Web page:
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In the Realms of the Unreal (2003)

Cast: Larry Pine, Larry Pine, Dakota Fanning, more...
Director: Jessica Yu, Jessica Yu
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Rating: Not Rated
Studio: Fox Lorber
Genre: Documentary, Biographies, Art
Running Time: 82 min.
Languages: English
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Award-winning short filmmaker Jessica Yu makes her feature-length debut with In the Realms of the Unreal, a documentary about outsider artist Henry Darger. Born in 1892, Darger lived in Chicago and worked as a janitor for most of his life. When he died in 1972, his landlord found his life's work: The Story of the Vivian Girls, in What is Known as the Realms of the Unreal, of the Glandeco-Angelinian War Storm, Caused by the Child Slave Rebellion (often simply referred to as The Realms). A massive, multiple-volume fantasy novel, The Realms also contains nearly 300 illustrations of collages, drawings, and paintings. Rather than interview art scholars and psychologists, Yu chooses to look at Darger's work from the viewpoints of those who knew him. Yu also incorporates animation segments into the documentary, using Darger's original images. In the Realms of the Unreal was shown at the Sundance Film Festival in 2004 as part of the documentary competition. ~ Andrea LeVasseur, All Movie Guide

GreenCine Member Reviews

Don't let me be THIS misunderstood -- by GGoodsell December 31, 2005 - 4:45 PM PST
3 out of 4 members found this review helpful
The life of the mind is very different than the life we lead, this documentary says plainly. Henry Darger led a very solitary existence, orphaned at a very early age and forced into servitude by the Victorian institutions of the day. He became a school janitor and remained one until his forced retirement at the age of 74. He lived in a cramped, one-room apartment and rarely spoke to anyone. But once inside, he would fill books and paint fantastic murals about an alternate reality peopled with warring nations and strange, angelic children called the Vivian Girls. Darger's story is very real and very sad. While hailed a genius of outsider art, it was only after his death that his considerable body of work became known. One wonders ... had Darger tried to share his work with others, would he have been laughed at? Would people point out to him that little girls didn't have penises as many of his pictures show? Would people discount it all as the rantings of a madman? The tragedy of Darger's life would appear to be that his vision could only be appreciated by the distancing brought on by his death. Such is the fate of many artists ...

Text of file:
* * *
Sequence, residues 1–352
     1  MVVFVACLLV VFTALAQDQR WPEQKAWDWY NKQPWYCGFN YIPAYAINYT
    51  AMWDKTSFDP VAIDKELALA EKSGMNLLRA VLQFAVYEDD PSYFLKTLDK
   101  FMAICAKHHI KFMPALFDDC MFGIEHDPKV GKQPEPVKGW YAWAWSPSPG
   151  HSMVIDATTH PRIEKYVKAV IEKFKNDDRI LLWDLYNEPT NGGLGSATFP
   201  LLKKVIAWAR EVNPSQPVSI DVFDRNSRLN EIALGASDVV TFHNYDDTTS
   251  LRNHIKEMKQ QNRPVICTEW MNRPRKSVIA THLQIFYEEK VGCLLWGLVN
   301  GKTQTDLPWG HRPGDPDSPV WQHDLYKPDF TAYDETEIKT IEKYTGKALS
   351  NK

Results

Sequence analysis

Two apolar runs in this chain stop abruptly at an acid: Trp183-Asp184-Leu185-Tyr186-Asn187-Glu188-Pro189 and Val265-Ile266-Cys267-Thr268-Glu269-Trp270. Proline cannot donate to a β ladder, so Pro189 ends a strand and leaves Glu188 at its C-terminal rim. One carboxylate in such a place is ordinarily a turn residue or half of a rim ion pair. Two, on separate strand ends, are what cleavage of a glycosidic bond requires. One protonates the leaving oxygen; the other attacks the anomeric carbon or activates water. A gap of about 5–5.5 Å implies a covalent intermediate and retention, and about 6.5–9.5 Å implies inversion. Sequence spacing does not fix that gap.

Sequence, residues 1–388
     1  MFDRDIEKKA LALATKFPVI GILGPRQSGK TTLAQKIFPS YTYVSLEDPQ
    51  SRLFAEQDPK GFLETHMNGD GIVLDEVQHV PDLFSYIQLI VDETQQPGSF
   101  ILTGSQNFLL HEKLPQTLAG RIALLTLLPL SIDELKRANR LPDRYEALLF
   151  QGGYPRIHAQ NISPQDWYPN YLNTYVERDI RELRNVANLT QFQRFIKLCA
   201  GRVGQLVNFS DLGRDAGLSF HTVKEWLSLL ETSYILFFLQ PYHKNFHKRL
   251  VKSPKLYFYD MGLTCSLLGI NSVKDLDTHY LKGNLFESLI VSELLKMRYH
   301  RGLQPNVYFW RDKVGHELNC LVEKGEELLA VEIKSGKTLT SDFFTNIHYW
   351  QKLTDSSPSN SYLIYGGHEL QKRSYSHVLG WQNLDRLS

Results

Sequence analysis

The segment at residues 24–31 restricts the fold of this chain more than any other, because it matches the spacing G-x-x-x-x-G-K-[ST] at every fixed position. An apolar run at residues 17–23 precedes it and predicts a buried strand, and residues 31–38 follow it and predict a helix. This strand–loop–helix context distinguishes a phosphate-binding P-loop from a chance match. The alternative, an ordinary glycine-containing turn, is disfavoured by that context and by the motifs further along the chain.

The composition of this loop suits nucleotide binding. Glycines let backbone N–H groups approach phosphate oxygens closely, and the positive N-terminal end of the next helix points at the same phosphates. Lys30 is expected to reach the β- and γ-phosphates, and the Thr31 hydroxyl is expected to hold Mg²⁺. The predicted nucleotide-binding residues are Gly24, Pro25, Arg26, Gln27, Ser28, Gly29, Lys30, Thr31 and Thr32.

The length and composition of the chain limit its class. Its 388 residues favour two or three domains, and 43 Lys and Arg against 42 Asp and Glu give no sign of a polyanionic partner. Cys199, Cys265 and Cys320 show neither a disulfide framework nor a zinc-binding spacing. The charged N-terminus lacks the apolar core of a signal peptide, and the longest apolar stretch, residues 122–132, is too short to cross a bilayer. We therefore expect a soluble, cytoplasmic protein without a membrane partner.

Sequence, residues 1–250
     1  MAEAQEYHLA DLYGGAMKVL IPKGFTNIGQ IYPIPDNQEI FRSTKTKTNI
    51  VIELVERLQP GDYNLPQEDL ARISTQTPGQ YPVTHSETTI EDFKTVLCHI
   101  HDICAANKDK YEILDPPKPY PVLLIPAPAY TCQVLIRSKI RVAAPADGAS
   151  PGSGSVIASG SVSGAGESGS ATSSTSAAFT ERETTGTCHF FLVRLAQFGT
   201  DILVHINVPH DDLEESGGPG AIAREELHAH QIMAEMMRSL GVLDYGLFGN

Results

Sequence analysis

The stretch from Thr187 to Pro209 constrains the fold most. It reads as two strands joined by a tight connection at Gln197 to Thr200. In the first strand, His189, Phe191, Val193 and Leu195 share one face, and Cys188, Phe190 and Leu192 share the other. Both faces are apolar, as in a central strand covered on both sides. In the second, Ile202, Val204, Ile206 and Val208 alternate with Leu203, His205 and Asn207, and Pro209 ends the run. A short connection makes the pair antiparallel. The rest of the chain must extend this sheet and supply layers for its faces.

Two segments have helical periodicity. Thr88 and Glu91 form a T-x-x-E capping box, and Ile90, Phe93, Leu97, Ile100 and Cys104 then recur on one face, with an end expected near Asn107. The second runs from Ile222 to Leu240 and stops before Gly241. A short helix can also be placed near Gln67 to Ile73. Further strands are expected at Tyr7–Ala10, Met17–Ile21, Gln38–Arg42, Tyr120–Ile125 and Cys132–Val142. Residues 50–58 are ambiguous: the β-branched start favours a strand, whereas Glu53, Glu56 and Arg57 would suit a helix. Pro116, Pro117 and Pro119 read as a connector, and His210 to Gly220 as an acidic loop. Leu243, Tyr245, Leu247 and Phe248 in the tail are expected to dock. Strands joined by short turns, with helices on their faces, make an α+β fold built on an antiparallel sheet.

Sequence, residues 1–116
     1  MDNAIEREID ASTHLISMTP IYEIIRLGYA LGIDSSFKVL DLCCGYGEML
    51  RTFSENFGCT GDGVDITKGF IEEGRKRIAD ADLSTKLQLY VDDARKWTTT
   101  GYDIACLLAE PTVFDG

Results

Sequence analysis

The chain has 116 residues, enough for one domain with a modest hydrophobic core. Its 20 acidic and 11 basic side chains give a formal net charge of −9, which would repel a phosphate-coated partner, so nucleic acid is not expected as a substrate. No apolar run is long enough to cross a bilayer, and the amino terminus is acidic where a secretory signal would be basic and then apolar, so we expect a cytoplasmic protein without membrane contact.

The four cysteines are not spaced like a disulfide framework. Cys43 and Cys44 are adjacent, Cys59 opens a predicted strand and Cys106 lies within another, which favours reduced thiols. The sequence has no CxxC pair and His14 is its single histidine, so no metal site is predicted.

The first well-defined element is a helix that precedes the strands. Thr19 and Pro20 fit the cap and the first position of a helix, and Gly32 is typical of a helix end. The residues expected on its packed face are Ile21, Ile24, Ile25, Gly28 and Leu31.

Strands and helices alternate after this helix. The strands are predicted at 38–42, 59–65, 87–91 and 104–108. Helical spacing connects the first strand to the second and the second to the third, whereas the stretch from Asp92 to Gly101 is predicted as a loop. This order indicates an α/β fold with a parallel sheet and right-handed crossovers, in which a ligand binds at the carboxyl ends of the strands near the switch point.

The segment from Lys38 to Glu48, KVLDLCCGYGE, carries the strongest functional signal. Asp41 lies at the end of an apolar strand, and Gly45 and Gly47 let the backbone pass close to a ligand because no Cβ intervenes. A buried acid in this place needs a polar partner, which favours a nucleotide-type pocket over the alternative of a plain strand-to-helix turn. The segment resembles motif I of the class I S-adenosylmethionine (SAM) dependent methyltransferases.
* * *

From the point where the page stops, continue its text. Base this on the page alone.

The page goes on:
Impossibly High Standards by SBergfalk November 7, 2005 - 8:21 AM PST
1 out of 2 members found this review helpful
This documentary takes on a difficult task--interpreting the life and work of an extremely anti-social man who invented his own world rather than living in the world around him. What is amazing about the film is Jessica Yu's effort to include some discussion of the art, the man, and the few people Henry Darger interacted with. As a viewer, I was torn between the three views the film endeavors to weave together. Pick one! Clearly, the art Darger created is worth examining, and the documentary would probably be stronger if the filmmaker had narrowed her focus. On the plus side, if you are someone who wants to learn about art and the commitment needed to being an artist, then this documentary will give you impossibly high standards to live up to.

Amazing by Ultranova October 20, 2005 - 3:31 PM PDT
1 out of 3 members found this review helpful
You have never seen anything like this doc about an unknown artist who left a legacy that most "professionals" could only dream of. For all the weekend artists/writers who accumulate piles of work and wonder if it will ever have an impact on anyone. This just shows that the ACT of creating is far more important than the acknowledgement of such by outside forces. Truly inspiring!

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GreenCine Member Rating

(Average 7.02)
103 Votes
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